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Woolly mammoth remains found during A14 works

Woolly mammoth

Remains of a woolly mammoth have been found during Highways England excavation works for the A14 in Cambridgeshire.

Archaeologists removed remains of a woolly mammoth and a woolly rhino both thought to be over 100,000 years old.

The 29km road is due to be complete by December 2020, with Highways England proposing that the bulk of the upgraded A14 be reclassified as a motorway once work in finished.

The £1.5bn scheme to improve 33km of the A14 between Cambridge and Huntingdon is now almost halfway through. It is the biggest road upgrade currently under construction in the UK, being delivered as a joint venture by Balfour Beatty, Costain, Skanska, Atkins and CH2M.

Woolly rhino skull

Woolly rhino skull

Highways England experts, working alongside archaeologists from MOLA Headland Infrastructure, have discovered the partial remains of a woolly mammoth and woolly rhino, both at least 100,000 years old, during excavations for construction materials near Fenstanton in what was once an ancient river.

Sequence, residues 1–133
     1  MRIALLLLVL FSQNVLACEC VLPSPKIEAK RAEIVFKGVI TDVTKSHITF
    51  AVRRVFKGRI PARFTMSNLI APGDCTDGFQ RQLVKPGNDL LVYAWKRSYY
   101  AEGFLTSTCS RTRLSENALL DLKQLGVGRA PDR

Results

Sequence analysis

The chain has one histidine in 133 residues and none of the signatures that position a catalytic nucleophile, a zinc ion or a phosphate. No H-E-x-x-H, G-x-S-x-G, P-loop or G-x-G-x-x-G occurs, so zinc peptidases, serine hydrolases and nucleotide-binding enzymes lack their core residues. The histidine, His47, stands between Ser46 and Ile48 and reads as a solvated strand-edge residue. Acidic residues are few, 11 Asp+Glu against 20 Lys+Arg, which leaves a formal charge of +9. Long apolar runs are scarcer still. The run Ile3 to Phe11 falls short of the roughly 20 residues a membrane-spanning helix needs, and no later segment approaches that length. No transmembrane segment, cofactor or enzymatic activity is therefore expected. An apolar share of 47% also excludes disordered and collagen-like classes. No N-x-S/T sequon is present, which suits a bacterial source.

They are the latest in a series of fantastic finds from the team building the new road, due to open in December 2020, with other remarkable discoveries including Prehistoric henges, Iron Age settlements, Roman pottery kilns, three Anglo-Saxon villages, and a deserted medieval village.

Highways England Cultural Heritage Team Leader for the A1 Steve Sherlock said: “These discoveries are just the latest in a line of amazing finds that the team has unearthed since this work began at the end of 2016. All of these finds are testament to the rich history of the region, and in particular this local area around the A14 in Cambridgeshire.

“It’s crucial that we record this evidence for the past so that it can be seen and understood by future generations. Seeing the remains of these extinct animals really brings to life what was happening over a 100,000 years ago.” 

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